- Colbert: You recently made all the patents for Tesla available for everybody, basically saying you’re not going to prosecute people if they use your patented technology. Why are you giving away the store like that?
Musk: I’m not sure of the right analogy exactly but I sort of view it like this: If we’re all in a ship together and there’s some holes in the ship, and we’re bailing water out and we have a great design for a bucket, then even if we’re bailing water out way better than everybody else we should probably still share the bucket design... because we’re all going to sink.
- When Musk announced in 2014 that Tesla would open-source all of its patents, analysts tried to decide whether this was a publicity stunt or if it hid an ulterior motive or a catch. But the decision was a straightforward one for Musk. He wants people to make and buy electric cars, Man's future, as he sees it, depends on this. If open-sourcing Tesla's patents means other companies can buid electric cars more easily, then that is good for mankind, and the ideas should be free. The cynic will scoff at this, and understandably so. Musk, however, has been programmed to behave this way and tends to be sincere when explaining his thinking - almost to a fault. (s 344-345)
- The Hyperloop is a conceptual high-speed transportation system originally put forward by Elon Musk, incorporating reduced-pressure tubes in which pressurized capsules ride on an air cushion driven by linear induction motors and air compressors.
The outline of the original Hyperloop concept was made public by the release of a preliminary design document in August 2013, which included a notional route running from the Los Angeles region to the San Francisco Bay Area, paralleling the Interstate 5 corridor for most of its length. Preliminary analysis indicated that such a route might obtain an expected journey time of 35 minutes, meaning that passengers would traverse the 350-mile (560 km) route at an average speed of around 600 mph (970 km/h), with a top speed of 760 mph (1,200 km/h). Preliminary cost estimates for the LA–SF notional route were included in the white paper - US$6 billion for a passenger-only version, and US$7.5 billion for a somewhat larger-diameter version transporting passengers and vehicles - although transportation analysts doubted that the system could be constructed on that budget.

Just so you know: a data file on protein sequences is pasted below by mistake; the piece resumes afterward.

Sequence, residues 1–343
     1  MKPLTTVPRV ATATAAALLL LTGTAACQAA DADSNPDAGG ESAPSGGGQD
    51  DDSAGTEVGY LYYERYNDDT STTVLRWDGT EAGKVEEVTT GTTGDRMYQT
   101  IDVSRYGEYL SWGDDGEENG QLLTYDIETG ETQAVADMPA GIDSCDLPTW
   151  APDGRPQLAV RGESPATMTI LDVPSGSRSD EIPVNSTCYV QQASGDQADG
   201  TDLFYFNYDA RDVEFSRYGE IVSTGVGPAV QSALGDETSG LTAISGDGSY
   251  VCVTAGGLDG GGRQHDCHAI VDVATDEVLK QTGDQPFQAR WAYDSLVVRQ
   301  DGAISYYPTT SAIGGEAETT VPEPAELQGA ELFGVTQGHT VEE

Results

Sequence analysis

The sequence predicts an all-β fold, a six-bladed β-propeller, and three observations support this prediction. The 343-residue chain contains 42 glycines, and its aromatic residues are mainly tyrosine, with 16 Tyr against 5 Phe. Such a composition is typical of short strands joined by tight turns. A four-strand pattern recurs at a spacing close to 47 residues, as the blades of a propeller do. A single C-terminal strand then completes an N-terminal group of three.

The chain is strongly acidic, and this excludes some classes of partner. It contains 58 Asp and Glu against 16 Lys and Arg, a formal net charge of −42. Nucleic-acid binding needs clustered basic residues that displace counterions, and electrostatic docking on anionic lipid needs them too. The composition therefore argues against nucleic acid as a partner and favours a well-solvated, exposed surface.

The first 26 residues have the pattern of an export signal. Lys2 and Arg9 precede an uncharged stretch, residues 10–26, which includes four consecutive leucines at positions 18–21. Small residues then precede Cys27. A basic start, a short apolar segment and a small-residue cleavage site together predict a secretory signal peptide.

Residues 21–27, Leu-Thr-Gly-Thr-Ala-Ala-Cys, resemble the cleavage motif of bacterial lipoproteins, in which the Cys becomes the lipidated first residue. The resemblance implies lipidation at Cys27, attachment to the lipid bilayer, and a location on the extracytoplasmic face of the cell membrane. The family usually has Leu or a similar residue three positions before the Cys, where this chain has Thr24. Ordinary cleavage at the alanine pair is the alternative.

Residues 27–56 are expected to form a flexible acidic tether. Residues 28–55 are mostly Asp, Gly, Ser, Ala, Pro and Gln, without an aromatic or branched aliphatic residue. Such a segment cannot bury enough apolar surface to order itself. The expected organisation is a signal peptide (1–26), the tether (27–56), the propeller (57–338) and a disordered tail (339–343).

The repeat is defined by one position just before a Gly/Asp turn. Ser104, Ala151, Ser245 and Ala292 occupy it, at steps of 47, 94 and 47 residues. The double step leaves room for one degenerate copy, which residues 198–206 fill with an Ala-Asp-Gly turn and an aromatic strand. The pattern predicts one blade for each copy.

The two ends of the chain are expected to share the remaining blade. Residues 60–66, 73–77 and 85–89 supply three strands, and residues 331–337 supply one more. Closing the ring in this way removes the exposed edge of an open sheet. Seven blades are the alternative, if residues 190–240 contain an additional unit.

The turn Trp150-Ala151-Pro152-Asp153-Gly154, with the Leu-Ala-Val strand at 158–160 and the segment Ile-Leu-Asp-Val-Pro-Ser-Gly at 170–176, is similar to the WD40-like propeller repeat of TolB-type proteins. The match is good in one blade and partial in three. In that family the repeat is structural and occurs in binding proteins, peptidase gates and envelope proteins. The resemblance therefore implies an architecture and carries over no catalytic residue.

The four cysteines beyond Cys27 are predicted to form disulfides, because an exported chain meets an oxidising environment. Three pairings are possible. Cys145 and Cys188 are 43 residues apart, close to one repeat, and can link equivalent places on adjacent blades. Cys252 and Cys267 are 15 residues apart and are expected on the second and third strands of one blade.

- A planet-sized catastrophe of one sort or another (see Chapter 8) may wipe out humanity - unless some of us live in self-sustaining space colonies. This all seems to suggest that space colonization should be a research priority, but that conclusion may be overly hasty, missing the crucial point that great downside dilemmas are not the only possible reason to abstain from a given technology. Another reason might be that the technology is so costly that, compared to pursuing other
research directions, it would be money not well spent. The energy cost of lifting matter (such as ourselves, our machines, or raw materials) from the Earth or some other planet into space is large, possibly to the extent of making large scale space colonization prohibitively expensive until the day we master self-replicating probe technology as in the Armstrong-Sandberg scenario outlined in Section 9.3.